4 things that your cat wish you to know
Wish you had a secret decoder guide to cat language and behavior? Here’s a primer to things your cat wishes you understood by topplay habits
Quit taking photos of me
You humans can’t seem to stop snapping pix with your phones when you’re around us, but you resort to sneaky tactics like waving around fun toys to get our attention but dropping them as soon as we turn around. This is cruel. If we cats are willing to let you capture us on film, the least you can do is provide us with a bit of play time in exchange—or let a cartoon cat amuse you instead. There is one thing that you don’t have to worry about when it comes to photography: Camera flashes do not harm cats’ eyes. But they will frequently produce a spooky glow caused by the tapetum lucidum, a layer of ultra-reflective cells in feline eyes which helps us see in low light.
I am cat … let me scratch
ust like you clip and file your nails so they don’t reach Guinness Record lengths, we cats must maintain our claws. One cat behavior is by scratching, which helps us remove dead nail growth. There are two other important explanations behind why we scratch: We do it to mark our territory (we’ve got scent glands on our paws—how cool is that?) or to stretch (how do you think we stay so graceful?). Sadly, when a sofa or rug becomes our favorite spot to scratch, some of you resort to declawing us. We beg you not to—it would be comparable to your having the ends of your fingers cut off. Instead, get us a nifty scratching post (you might have to experiment with different models until you find one we like), rub it with a little catnip, and give us a treat whenever we use it.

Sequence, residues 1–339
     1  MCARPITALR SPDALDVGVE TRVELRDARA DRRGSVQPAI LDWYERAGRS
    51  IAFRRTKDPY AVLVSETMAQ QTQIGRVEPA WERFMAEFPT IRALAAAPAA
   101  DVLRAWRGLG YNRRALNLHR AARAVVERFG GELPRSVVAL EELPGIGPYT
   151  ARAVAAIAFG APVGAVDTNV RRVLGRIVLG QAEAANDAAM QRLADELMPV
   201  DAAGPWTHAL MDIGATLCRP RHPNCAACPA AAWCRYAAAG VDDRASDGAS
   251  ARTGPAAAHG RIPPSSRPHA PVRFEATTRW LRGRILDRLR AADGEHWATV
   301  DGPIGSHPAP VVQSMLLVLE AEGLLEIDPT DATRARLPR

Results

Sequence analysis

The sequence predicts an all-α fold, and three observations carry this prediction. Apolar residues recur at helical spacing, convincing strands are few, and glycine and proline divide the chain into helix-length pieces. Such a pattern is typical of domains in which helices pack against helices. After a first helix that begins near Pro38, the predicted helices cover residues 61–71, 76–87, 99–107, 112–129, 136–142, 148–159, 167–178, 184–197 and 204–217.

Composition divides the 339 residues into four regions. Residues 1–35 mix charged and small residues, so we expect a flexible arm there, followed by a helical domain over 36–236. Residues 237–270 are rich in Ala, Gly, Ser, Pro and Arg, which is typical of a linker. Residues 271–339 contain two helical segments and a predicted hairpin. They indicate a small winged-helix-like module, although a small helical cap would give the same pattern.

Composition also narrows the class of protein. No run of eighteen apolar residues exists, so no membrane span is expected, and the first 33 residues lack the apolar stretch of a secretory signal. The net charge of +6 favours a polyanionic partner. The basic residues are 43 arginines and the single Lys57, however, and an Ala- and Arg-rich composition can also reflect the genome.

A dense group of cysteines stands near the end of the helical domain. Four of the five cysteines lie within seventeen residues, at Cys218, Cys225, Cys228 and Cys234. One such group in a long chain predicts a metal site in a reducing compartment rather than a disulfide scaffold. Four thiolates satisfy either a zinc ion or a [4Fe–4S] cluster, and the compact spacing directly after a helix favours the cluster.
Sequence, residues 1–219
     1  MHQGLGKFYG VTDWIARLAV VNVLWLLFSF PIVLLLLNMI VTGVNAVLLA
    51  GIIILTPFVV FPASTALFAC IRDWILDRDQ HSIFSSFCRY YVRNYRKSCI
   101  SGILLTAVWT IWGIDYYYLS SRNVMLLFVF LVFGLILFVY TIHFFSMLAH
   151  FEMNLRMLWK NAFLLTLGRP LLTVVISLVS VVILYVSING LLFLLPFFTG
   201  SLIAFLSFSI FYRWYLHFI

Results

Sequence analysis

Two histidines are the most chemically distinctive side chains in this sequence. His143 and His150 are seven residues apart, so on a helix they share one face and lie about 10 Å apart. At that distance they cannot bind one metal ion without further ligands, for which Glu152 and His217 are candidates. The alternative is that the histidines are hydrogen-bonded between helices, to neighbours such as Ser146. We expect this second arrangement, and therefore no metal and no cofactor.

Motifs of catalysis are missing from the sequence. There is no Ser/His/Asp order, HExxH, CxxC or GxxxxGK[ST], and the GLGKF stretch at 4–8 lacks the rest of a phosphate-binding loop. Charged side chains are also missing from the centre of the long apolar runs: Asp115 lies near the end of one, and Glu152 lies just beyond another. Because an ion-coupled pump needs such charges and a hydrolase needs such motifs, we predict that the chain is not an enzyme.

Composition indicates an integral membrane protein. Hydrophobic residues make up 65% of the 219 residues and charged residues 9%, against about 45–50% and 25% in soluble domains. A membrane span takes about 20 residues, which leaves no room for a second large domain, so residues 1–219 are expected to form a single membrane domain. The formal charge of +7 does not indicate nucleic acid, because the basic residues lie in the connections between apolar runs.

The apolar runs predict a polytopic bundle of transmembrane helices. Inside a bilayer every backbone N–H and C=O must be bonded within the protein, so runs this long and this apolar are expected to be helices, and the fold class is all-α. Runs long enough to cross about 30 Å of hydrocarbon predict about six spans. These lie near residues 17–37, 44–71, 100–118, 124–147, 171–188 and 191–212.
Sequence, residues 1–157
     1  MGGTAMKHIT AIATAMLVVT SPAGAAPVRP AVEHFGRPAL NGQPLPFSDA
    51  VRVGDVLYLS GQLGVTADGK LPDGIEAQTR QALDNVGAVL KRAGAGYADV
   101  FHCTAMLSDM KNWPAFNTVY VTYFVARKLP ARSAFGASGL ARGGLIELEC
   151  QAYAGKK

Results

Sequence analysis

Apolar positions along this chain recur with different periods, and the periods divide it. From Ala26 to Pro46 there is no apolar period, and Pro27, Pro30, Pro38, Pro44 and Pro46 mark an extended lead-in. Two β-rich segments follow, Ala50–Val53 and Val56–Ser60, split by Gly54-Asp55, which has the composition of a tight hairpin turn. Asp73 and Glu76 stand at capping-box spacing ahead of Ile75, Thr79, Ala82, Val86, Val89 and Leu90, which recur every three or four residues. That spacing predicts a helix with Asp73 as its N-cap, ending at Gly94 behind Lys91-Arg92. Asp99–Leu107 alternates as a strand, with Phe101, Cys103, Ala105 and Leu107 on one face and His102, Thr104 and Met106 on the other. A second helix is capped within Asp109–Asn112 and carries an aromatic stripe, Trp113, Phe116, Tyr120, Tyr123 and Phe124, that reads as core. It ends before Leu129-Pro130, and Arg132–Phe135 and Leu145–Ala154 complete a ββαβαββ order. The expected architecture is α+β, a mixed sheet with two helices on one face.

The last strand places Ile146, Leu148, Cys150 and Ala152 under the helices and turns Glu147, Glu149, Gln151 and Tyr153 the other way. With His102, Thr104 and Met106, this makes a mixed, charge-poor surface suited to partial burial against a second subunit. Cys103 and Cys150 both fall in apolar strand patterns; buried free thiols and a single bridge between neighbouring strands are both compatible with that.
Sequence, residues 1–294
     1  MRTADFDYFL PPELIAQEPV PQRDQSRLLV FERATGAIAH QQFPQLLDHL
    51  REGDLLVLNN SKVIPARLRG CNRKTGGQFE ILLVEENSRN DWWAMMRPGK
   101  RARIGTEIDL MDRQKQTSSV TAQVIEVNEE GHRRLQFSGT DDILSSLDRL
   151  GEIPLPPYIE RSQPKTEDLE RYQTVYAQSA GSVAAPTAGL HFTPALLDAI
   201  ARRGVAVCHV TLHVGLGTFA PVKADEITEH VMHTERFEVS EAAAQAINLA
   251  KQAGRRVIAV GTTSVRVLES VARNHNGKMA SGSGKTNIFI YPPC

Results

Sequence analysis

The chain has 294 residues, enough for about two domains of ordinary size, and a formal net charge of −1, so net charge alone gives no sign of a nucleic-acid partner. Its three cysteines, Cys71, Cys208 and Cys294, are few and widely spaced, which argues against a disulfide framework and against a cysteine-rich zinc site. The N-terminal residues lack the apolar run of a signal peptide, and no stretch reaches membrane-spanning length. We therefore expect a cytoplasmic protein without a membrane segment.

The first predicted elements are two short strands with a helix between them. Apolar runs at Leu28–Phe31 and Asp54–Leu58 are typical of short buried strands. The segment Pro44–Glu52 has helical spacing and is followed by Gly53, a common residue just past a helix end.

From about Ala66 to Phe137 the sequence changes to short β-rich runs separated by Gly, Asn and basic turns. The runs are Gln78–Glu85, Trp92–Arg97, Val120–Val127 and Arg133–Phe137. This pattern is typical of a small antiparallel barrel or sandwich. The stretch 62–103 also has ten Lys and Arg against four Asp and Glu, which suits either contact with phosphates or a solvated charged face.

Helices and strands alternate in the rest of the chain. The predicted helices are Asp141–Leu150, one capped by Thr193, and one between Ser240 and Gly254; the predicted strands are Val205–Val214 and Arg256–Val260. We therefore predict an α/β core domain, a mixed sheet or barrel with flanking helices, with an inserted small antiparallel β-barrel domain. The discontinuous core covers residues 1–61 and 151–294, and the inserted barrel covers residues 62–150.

Please do not disturb my nap on your laptop or keyboard
You people talk and talk about how much you need to work on the computer so you wake us up and push us off, but we know what you’re really planning to do on them: watch videos of cats. Weird. Don’t you humans realize that cats must get an average of 12 to 16 hours of shut-eye a day, or we’re just useless? Also, our delicate cat bodies need the warmth from your computer: Our ideal temperature is 20 degrees higher than that of you humans.
You fill your home with enticing power cords but yell at me when I chew them. Unfair!
Most of us cats love the way a plastic cord feels under our teeth, so it’s best for you humans to be smart about your electric cords. Stow away the ones you’re not using, and cover the remainder in cord covers (you can find these at pet stores). You can also try applying bitter apple liquid (we detest this flavor) on cords but dab it on sparingly since consuming too much of the essential oils in it can make us sick. If your cat persists in chewing cords even after you apply the bitter apple, take him or her to the vet to rule out any dental problems.